Christmas is a little over two weeks away. Yet, if you pass by my house you won't see a decorated tree in the window. I haven't purchased many gifts, and I just told a friend that I am not joining her and her daughter for holiday tea at a swanky hotel downtown. Don't get me wrong, I'm not a modern day Scrooge, in fact, I love the holidays. But, this year I decided that I would "survive" them by simply scaling back.
I know that I am not alone. It seems like everywhere I turn, people are doling out advice about how to "survive" the season. Is anyone else bothered by this terminology? I'm not sure about you, but when I think about the word "survive," I think of something unpleasant, such as studying for my college final exams or weathering a broken heart. I certainly don't want to associate one of the happiest times of year with survival. So, why is it that the holidays, which are supposed to instill feelings of love, meaning and togetherness have suddenly become something to survive?
As I pause and reflect upon this question, I realize that it's not the holidays we must survive, but rather the manufactured busyness that accompanies them. It's the busyness and the tenor of frenetic energy that parallels this time of year that I am avoiding. Instead of sprinting towards December 25th, I am walking slowly.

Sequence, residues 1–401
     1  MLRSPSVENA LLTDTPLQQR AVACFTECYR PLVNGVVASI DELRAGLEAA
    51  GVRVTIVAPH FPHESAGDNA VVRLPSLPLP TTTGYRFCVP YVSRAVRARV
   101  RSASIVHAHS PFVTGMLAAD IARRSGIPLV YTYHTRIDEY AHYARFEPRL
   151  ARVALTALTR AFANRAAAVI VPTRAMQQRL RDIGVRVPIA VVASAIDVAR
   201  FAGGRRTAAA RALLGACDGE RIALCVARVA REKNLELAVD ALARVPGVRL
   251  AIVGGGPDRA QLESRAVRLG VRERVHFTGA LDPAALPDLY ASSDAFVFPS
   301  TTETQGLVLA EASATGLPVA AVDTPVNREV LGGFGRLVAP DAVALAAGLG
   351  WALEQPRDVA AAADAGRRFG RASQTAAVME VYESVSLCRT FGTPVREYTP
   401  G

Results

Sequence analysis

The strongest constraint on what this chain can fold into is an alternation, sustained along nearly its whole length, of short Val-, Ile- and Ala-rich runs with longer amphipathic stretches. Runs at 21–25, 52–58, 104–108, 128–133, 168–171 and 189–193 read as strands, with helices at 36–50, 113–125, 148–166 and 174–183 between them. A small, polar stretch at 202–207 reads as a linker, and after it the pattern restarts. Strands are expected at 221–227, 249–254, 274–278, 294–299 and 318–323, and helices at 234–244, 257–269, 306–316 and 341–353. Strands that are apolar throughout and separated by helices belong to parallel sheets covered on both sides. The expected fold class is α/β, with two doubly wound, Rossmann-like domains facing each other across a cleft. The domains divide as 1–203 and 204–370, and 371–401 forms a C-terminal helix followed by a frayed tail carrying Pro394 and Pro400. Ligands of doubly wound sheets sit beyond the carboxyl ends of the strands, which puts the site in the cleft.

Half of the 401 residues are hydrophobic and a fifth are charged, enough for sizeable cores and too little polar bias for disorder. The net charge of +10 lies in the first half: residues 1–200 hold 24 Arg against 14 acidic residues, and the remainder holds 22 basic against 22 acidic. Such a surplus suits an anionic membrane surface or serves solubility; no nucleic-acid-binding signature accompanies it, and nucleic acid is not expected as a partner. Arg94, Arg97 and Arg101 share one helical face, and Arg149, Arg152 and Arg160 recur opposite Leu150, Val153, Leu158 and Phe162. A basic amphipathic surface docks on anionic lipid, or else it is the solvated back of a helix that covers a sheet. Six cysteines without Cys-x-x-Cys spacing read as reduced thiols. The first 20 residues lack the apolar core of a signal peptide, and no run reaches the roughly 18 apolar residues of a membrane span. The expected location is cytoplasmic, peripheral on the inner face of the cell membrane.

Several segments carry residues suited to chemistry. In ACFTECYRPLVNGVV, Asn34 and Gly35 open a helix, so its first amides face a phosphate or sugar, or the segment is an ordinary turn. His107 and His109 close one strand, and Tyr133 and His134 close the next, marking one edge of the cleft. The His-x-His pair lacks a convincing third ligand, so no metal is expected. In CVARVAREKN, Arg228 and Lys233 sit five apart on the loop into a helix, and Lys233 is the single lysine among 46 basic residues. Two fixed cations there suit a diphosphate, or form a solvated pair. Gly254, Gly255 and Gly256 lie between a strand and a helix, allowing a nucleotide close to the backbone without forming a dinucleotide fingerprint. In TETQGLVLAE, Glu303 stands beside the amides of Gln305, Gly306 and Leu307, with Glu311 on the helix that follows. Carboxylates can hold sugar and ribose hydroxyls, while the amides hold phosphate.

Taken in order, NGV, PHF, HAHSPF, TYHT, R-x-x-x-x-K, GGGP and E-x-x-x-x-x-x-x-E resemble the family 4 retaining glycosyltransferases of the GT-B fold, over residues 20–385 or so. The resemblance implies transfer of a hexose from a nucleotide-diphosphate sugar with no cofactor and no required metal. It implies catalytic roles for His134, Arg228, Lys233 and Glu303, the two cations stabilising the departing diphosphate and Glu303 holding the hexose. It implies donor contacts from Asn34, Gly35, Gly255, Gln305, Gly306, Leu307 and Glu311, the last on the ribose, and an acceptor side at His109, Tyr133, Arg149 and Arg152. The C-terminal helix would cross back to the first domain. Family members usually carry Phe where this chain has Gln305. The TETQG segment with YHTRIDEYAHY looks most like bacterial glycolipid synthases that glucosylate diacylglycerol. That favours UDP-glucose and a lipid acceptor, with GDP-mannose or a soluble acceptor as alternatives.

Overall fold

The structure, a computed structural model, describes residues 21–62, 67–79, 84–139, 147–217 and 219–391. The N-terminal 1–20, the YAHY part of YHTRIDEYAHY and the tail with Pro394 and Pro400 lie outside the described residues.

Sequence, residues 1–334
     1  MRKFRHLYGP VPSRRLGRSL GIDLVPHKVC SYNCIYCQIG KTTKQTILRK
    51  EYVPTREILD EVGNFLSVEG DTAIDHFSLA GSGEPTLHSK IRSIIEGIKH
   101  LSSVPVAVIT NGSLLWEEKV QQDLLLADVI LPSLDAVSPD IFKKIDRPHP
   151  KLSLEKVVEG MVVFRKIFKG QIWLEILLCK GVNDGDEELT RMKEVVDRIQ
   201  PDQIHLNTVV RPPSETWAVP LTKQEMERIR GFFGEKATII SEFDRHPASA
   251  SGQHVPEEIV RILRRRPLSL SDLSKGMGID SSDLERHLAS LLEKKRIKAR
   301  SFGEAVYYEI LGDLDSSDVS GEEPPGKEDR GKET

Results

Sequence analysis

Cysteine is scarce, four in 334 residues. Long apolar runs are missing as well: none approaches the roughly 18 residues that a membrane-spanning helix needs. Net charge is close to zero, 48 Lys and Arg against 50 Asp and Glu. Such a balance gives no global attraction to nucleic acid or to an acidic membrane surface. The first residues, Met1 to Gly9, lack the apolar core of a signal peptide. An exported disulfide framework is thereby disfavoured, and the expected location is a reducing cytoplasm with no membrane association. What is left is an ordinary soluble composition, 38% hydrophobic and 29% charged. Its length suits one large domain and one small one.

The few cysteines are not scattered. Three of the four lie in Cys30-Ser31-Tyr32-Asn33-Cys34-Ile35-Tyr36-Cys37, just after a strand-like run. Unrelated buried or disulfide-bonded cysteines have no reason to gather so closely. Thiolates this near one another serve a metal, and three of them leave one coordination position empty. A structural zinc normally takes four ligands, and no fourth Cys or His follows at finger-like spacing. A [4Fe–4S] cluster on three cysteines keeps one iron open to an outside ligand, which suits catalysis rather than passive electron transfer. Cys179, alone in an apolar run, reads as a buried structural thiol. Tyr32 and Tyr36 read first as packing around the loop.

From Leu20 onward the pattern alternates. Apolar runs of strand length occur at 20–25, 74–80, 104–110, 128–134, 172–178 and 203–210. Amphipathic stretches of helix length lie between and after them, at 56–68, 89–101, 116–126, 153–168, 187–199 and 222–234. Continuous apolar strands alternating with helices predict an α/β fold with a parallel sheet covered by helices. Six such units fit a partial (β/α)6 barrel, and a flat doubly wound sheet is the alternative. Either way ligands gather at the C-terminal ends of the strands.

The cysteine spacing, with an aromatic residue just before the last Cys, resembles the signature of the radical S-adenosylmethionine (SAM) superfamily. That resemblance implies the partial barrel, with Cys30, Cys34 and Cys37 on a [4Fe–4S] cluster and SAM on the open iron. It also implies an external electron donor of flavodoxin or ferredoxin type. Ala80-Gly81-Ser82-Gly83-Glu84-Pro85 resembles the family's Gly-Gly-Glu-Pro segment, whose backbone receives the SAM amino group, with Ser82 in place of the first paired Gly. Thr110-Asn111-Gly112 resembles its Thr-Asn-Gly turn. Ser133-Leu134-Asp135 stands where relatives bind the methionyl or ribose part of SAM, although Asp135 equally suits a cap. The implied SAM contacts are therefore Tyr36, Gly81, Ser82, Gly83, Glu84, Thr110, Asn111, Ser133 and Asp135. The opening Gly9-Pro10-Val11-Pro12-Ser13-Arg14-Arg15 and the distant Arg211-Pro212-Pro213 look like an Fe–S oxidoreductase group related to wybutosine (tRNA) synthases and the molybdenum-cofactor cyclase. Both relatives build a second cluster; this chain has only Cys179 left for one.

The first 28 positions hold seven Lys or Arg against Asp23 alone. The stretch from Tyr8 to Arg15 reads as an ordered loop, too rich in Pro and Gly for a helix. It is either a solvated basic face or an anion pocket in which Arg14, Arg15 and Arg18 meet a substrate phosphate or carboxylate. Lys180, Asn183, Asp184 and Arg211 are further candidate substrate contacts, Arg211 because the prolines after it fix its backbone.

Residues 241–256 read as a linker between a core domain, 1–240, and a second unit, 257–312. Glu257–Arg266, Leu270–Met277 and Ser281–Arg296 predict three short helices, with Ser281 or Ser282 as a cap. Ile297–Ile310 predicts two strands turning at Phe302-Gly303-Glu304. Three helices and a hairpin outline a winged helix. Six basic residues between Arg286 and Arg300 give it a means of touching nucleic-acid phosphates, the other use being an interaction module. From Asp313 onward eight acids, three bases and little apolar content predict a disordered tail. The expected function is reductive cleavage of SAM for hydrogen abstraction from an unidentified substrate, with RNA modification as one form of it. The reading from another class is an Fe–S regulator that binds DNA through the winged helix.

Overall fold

This means that we haven't had professional family photos taken for our holiday cards and I've kindly declined invitations to parties, and have yet to bake my holiday cookies. We even postponed a holiday play date/party for my daughter and her classmates.
But, since I am not rushing from one activity to the next, I am embracing the moment. When our family wakes up each morning, I have time to look my daughter in the eye and give her an extra long hug. We wrote several letters to Santa, but none of them asked him for any gifts. Instead, my daughter asked him where his workshop is located, and how on earth does he have time to build all of those toys?
Through this activity, I am learning that when we take a step back from all of the external noise, we have more time to connect with our loved ones, and engage in a personal conversation. When we are able to immerse ourselves in this process, we become more connected instead of detached. In previous years, I might have had my photos and cards sent, decorated my tree, and planned several holiday activities. But, in the end, I was impatient with my daughter, dis-engaged with my husband, and didn't have time to properly catch up with friends.
In her essay, "The Show Must Go On," Brené Brown, stated it beautifully when she said, "We live in a world where life can easily become pageantry." She goes on to explain, "When our lives become pageants, we become actors." We become manufactured versions of ourselves and unknowingly sacrifice our authenticity to be part of the "show." I am surviving this season by stepping out of the "show."
In a world that whizzes by faster and faster each year, I want to hold onto what is tender and true -- the sound of my 6-year old daughter's voice as she sings carols in the car, creating leaves for our gratitude tree, and immersing ourselves in fun art projects. In the end, I know she will remember how she felt during the holiday season more than she will remember tea parties, holiday concerts, and endless activities. Presence of mind and kindness are two of the most meaningful things we can gift to ourselves, as well as to our children.